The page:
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PATH TO THE PODIUM: Young finishes 2nd in 300 hurdles; Johnston caps career with another state title

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Keenan Young for print

Owatonna’s Keenan Young bursts down the stretch during the 300-meter hurdles championship run at the Class AA state track and field competition at Hamline University on Saturday. Young finished in second place with a season-best time of 38.51 seconds. (Jon Weisbrod/People’s Press)

ST. PAUL — Owatonna’s Keenan Young is an athlete, a teammate, and most of all, a competitor.

Moments after exiting the stage and slowly walking across the infield under the blistering early-afternoon sun at Hamline University, Young should have been beaming with smiles.

But he wasn’t.

Though humbled by the opportunity to race against the state’s top competition over the two-day Class AA state track and field competition, Young was far from happy with the way things turned out.

Yes, he beat seven of the best 300-meter hurdlers in the entire state and clocked his fastest time of the year at 38.51 seconds, but second place just didn’t feel right.

First, he believes eventual champion, Josh Sampson, inadvertently stepped out of his lane near the curve and should have been disqualified and, second, he was understandably upset after allowing Sampson to catch him over the final hurdle.

Still, there was a lot of positive to extract from the entire experience for the Owatonna junior. He took major strides in his development over the previous 365 days — going from a fifth-place at sections to second place at state — and he will only continue blossom as he enters his extensive offseason routine that will once again include participating in the indoor track circuit in the Twin Cities.

“Probably,” Young responded when asked if Friday and Saturday served as his unofficial coming-out party. “I am happy that I was able to show what I can do against great competition and to show that I can be consistent. I can learn a lot from this and start conditioning myself for that last hurdle.”

Young got off to a decent start and, as always, made his move around the turn, blasting past a number of runners and striding into first place with about 100 meters remaining. He maintained his lead until the final jump when the top of his foot clipped the hurdle and allowed Sampson to break past for the win.

Sampson clocked a 38.11 and won his second state championship of the day after he posting a blue ribbon time of 14.23 seconds earlier in the day in the 110-meter race.

Zach Henke of Brainerd finished in a close third with a 38.55 and was followed directly by Josh Thomsen (Mounds View, 35.57), Conor Mcmanamon (White Bear Lake, 38.85), Drake Daniels (Wayzata, 38.91), George Jackson (Hopkins, 39.45), David Myles (Becker, 40.26) and Isaiah Clausen (Minneapolis Southwest, 41.61).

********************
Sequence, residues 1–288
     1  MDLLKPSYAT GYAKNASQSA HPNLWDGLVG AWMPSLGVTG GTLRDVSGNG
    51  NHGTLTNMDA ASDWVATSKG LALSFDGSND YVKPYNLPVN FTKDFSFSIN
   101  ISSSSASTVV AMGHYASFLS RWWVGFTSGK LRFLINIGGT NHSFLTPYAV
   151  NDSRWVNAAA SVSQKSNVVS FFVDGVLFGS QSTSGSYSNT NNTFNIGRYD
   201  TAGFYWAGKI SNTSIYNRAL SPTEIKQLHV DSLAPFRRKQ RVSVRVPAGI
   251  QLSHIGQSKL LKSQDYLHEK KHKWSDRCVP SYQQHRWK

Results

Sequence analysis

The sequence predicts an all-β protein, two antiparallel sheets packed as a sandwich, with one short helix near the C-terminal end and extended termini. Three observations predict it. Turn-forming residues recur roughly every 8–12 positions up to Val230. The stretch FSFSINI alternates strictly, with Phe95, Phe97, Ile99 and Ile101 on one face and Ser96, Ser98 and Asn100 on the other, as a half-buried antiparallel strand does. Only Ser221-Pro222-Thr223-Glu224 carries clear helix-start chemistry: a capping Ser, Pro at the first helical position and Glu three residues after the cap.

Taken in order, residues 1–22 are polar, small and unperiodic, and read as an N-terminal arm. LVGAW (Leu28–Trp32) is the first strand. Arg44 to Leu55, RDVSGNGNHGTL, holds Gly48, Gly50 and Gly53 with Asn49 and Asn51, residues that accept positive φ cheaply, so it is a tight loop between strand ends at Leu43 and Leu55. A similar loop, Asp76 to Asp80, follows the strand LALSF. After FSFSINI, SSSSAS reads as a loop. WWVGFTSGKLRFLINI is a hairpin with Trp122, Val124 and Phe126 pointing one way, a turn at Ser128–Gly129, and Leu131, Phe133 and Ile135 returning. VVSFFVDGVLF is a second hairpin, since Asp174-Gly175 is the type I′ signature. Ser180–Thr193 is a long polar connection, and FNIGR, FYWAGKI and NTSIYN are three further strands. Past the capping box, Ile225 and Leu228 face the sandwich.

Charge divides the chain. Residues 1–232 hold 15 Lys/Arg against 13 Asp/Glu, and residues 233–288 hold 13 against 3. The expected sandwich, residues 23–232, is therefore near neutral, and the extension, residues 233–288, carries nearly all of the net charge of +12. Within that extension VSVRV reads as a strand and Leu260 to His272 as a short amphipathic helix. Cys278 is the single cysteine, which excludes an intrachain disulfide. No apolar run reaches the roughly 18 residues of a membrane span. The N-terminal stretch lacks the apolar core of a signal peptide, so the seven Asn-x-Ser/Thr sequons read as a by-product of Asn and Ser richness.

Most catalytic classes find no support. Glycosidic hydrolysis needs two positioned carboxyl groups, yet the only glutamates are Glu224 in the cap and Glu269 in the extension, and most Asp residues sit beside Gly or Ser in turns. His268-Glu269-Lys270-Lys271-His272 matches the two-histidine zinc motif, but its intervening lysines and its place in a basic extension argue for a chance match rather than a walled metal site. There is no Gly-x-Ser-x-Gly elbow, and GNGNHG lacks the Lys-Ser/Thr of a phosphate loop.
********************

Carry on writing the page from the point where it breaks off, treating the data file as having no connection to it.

Johnston wins wheelchair discus title, sets another record

Medford’s sensational senior, Luke Johnston, capped his career with another state championship on another record throw.

Competing on Saturday evening in the Class A wheelchair discus a day after winning the shot put, Johnston flung a state-winning throw of 50 feet, 4 inches on his final attempt. He also had tosses of 46-02, 45-00, 43-09, 42-09 and 39-09.

The previous state-meet record, which was set by Johnston last season, was 48-11.

Nicolett’s Aidan Gravelle finished second with a top throw of 43-08.

Johnston has won every state championship in the wheelchair discus and shot put since his sophomore year, giving him six total state championships.

Team state champion breakdowns

Class AA

Girls: Rosemount. Lauren Peterson took home two individual state championships by herself, winning the 1600 and 3200-meter races. The Irish also clocked the fastest time in the 4x100-meter relay with a 3:51.89. They accumulated 71.5 points and barely clipped Alexandria (70 points) for the title.

Boys: Hopkins. Trailing Rosemount by 10 points in second place heading into the final event of the competition, the Royals earned 12 team-points by winning the 4x400-meter relay to give them the state championship.

Class A

Girls: The Blake School. The Bears won 99 events and racked up 57 points, comfortably ahead of second place Winona Cotter (44). Robbie Grace captured three individual titles in the 200-meter dash, 400-meter dash and long jump.

Boys: Jordan. The Hubmen dominated the small-school competition with 87 team-points, beating second place Providence Academy by 29 points. They won half the relays and registered five other top five finishes.

Reach sports editor Jon Weisbrod at 444-2375, or follow him on @OPPJonW

Award-winning Sports Editor for the Owatonna People's Press, Weisbrod has worked in daily newspapers his entire career. He writes a regular column called Beyond the Box that delves into local, regional and national sports storylines.

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